PowerShell – Useful Windows Bash commands to remember

This is for Linux Newbies when working with both Linux Ubuntu 16.04.01 and Windows Bash (which is based on Ubuntu 16.04.1). Please, get use the execute the following commands at least weekly as updates will be available frequently. And, specially before installing the next new release of PowerShell Open Source.

Look for PowerShell Open Source releases at: https://github.com/PowerShell/PowerShell

Follow these steps on a “Clean” Windows 10 Bash subsystem:

1. Run updates available:

[sourcecode language=”bash”]
$ sudo apt update

2. After the update there might be upgrade available, so list all upgradable components:

[sourcecode language=”bash”]
$ apt list –upgradable

3. If there’s a list of upgradable components then proceed with the upgrade step:

[sourcecode language=”bash”]
$ sudo apt upgrade

When installing PowerShell Open Source after a clean Windows Bash installation. Follow the Github instructions as the installation will end in errors. You must run the following command:

[sourcecode language=”bash”]
$ sudo apt-get install -f

But still, if it ends in error, try again the following commands on order:

[sourcecode language=”bash”]
$ sudo apt update
$ sudo apt upgrade
$ sudo apt install -f

You’ll notice the error will be cleared.

Also, be patience when e executing ‘sudo apt upgrade’ as this command will take a little time to complete.

One important thing, pay close attention the either Linux and Windows Bash messages when executing these commands as they will give valuable information. These messages will provide the hint on what to do in case of errors.

Running PowerShell Open Source

Now you can proceed to run powershell from Windows Bash. But it’s not there yet, you’ll still experience the screen issues when executing commands. This has been already noted in Github and they are still working on it.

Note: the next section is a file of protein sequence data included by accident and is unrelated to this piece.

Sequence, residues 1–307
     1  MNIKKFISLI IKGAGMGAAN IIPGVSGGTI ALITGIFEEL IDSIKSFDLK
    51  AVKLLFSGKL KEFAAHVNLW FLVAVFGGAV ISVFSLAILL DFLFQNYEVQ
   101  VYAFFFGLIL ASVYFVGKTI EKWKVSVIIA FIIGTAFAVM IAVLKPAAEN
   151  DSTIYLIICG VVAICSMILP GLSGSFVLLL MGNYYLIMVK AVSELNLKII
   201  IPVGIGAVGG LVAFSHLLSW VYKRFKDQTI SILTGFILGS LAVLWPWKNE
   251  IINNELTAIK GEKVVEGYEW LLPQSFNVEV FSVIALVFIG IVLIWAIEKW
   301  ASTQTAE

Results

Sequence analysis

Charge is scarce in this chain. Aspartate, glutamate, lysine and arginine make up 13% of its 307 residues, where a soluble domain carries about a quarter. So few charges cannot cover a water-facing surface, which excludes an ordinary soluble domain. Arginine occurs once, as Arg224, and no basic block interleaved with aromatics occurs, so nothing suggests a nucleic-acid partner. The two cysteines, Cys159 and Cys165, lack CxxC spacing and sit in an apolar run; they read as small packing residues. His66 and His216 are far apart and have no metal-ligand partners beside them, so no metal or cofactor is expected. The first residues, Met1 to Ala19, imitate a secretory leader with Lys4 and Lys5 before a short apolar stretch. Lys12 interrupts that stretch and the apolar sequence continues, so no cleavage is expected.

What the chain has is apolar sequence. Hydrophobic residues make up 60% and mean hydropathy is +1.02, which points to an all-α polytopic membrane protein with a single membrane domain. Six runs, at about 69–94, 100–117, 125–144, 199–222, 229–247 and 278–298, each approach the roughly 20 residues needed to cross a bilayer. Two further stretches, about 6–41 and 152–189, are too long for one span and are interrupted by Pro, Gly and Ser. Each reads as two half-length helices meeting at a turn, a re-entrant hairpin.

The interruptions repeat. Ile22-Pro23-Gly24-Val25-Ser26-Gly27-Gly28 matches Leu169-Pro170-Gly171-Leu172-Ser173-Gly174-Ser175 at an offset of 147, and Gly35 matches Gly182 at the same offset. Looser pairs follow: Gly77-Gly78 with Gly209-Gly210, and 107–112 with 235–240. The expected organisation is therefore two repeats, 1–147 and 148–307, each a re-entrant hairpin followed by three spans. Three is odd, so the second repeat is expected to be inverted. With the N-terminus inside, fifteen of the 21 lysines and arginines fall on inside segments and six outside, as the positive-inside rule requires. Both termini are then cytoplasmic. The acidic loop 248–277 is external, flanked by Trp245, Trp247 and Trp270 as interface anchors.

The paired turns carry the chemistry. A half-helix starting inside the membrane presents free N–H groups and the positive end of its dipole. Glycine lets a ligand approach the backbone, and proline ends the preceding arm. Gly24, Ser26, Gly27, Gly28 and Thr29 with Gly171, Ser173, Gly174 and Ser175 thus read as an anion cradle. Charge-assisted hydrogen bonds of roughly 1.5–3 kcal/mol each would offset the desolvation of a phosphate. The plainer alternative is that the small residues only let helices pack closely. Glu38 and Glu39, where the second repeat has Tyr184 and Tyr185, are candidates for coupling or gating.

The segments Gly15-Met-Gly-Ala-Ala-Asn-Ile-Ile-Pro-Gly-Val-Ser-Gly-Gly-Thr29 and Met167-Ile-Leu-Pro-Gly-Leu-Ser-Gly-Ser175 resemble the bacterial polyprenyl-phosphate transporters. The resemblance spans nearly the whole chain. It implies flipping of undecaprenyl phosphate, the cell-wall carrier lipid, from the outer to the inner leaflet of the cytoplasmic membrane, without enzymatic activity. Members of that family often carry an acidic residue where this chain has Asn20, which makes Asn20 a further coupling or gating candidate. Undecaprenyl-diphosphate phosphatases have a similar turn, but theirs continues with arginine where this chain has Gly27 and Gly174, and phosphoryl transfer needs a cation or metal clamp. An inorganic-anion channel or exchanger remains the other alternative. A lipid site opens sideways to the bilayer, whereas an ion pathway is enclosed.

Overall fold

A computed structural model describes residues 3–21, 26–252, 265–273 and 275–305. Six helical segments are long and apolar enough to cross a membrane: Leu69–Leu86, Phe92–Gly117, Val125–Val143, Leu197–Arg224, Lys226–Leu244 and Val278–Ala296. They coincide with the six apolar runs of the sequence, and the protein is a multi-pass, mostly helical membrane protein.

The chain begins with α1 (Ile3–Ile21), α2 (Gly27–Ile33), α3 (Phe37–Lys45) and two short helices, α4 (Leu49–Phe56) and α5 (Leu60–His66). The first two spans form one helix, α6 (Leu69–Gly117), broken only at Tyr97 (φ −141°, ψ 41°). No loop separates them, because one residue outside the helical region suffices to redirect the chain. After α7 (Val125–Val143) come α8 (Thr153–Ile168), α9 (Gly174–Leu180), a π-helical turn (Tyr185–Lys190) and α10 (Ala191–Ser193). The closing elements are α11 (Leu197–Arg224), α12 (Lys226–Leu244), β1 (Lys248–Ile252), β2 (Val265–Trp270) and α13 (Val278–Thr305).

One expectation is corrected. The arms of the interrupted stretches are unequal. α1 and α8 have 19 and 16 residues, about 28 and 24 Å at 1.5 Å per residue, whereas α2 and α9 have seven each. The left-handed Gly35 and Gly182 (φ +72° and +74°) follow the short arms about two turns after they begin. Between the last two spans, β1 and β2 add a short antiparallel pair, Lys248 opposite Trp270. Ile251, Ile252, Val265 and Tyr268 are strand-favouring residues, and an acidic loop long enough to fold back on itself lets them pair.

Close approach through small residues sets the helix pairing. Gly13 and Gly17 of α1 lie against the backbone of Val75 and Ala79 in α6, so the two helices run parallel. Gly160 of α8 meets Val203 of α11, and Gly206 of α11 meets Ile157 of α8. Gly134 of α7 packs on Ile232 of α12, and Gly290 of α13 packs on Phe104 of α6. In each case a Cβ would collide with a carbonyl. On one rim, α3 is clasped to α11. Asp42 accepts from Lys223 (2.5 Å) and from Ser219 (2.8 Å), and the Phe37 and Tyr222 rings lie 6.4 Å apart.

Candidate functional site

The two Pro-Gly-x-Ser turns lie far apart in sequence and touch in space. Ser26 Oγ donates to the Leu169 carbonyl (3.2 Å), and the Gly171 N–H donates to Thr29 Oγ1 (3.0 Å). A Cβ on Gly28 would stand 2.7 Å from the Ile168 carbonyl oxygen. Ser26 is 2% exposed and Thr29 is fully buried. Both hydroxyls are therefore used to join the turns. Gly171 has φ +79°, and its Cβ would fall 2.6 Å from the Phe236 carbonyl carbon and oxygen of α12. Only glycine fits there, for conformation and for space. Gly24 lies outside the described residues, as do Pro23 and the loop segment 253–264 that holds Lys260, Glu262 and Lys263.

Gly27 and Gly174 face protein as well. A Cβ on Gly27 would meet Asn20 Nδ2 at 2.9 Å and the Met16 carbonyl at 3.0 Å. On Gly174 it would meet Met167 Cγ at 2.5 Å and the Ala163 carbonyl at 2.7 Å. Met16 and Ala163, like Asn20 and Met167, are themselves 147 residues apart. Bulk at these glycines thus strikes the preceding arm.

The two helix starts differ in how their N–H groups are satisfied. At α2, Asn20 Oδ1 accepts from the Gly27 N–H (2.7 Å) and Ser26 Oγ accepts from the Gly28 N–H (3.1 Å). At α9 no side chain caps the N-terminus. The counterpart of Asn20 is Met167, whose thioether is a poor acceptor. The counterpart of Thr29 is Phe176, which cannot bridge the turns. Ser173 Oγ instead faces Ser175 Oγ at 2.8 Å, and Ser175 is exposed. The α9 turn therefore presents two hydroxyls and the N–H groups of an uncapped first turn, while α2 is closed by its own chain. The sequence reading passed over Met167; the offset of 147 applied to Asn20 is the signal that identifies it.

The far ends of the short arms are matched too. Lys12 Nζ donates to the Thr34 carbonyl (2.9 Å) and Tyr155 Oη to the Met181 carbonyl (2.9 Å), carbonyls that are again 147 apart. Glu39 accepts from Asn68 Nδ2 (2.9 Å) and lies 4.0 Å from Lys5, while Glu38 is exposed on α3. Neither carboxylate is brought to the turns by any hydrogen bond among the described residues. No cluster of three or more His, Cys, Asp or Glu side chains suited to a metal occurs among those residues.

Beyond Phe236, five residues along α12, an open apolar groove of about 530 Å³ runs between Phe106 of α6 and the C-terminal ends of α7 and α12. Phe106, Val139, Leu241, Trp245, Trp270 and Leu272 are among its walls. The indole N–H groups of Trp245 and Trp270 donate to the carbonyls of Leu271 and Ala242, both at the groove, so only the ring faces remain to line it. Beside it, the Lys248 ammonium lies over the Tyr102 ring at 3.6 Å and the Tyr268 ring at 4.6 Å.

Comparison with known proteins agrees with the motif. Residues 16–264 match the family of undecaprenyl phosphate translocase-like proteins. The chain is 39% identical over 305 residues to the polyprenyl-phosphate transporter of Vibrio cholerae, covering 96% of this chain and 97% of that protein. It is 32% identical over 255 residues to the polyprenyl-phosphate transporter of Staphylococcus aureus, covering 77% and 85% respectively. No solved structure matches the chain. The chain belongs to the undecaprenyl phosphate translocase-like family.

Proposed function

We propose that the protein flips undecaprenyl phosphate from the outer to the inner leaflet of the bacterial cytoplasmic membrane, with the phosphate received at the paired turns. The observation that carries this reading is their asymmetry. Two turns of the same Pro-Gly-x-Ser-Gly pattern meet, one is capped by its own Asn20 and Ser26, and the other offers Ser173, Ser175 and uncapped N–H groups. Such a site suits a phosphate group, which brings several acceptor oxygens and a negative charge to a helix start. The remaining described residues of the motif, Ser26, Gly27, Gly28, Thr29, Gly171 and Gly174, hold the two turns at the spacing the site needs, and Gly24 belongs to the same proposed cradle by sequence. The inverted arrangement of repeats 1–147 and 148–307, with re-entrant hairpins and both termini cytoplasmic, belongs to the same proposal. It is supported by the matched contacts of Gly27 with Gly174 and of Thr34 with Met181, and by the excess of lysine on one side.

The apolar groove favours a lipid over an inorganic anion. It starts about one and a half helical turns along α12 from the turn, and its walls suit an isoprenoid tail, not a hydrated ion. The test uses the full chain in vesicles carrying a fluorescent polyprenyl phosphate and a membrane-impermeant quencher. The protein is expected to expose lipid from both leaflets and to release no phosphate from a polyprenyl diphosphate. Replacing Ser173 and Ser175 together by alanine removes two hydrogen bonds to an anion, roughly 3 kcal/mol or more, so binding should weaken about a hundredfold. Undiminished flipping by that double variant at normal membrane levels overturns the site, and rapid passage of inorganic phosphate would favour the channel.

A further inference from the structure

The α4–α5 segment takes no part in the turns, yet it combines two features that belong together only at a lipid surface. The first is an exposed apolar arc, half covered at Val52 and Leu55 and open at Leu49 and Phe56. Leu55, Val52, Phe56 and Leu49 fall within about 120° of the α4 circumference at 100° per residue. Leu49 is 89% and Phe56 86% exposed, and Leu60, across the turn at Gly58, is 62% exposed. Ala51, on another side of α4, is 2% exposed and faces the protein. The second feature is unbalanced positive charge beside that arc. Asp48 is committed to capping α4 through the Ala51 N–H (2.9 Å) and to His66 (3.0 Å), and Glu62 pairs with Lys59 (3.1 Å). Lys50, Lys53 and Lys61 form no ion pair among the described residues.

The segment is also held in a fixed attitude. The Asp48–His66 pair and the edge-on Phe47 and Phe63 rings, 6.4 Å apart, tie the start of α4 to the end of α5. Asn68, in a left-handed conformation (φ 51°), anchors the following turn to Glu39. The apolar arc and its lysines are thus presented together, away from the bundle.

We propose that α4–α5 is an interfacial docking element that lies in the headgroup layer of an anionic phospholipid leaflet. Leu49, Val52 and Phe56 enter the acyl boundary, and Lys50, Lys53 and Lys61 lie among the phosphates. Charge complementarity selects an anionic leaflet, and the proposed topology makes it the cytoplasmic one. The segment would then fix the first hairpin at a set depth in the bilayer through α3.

So, the workaround still applies: http://www.maxtblog.com/2016/10/running-powershell-in-windows-10-bash-workaround/

For a quick console test, try using ‘screen‘ but need to run as ‘root’ privilege :

[sourcecode language=”bash”]
$ sudo screen

Here are some remediation to caveats with PowerShell when using ‘screen‘.

Important shortcut keys to remember:

2. Use CRTL-L – to CLEAR the screen.

Also, caution, if you run any Linux command from PowerShell it will not terminate and you’ll need to close your session.

The workaround is the save the results of the Linux command to a PowerShell variable and the display the result.

For example, run in PowerShell prompt:

[sourcecode language=”PowerShell”]
PS c:\Windows\system32> $x = dh -h; $x;

Now, if you run the linux command in PowerShell without saving to a variable, then you’ll get the session hung. To force PowerShell to get out of the hung state use CRTL-A and then CRTL-C. This will return to the Linux prompt(#).

Remember to exit ‘screen‘ by typing ‘exit‘ a few times until you get to the user ($) bash prompt.

So, with these few shortcuts, at least you should be able to work with PowerShell Open Source in Windows Bash console. I know its a little tedious but it will be rewarding at the end.

Just give it a shot, and keep learning PowerShell!

PowerShell Open Source Alpha14 and SQL Server for Linux CTP 1.1 are out!

This is Great! Microsoft keep delivering updates before Christmas just to keep us busy and excited.

To download the latest PowerShell Open Source just go to the link below:


Just remember to remove the previous version, and any existing folders as this will be resolved later.

To download the latest SQL Server vNext just check the following Microsoft blog post as the new CTP 1.1 includes version both Windows and Linux:

SQL Server next version Community Technology Preview 1.1 now available

And, don’t forget the check out the release notes as Microsoft SQL Server team has done an excellent job in providing documentation:


For those interested in how SQL Server became to Linux, check the following Microsoft Blog posts:

SQL Server on Linux: How? Introduction


Additional Tools in the Horizon

Just an FYI on some tools that recently caught my attention from Jet Brain:

1. PyCharm Community Edition (free) – Python Develoment IDE Tool available for both Windows and Linux.
2. DataGrip – SQL Developer IDE Tools for working with Databases (including SQL Server). Also available for both Windows and Linux.

And, of course, we can’t forget of Microsoft VS Code. This lightweight coding IDE works great in both Windows and Linux:



PowerShell Open Source – Windows PSRemoting to Linux with OpenSSH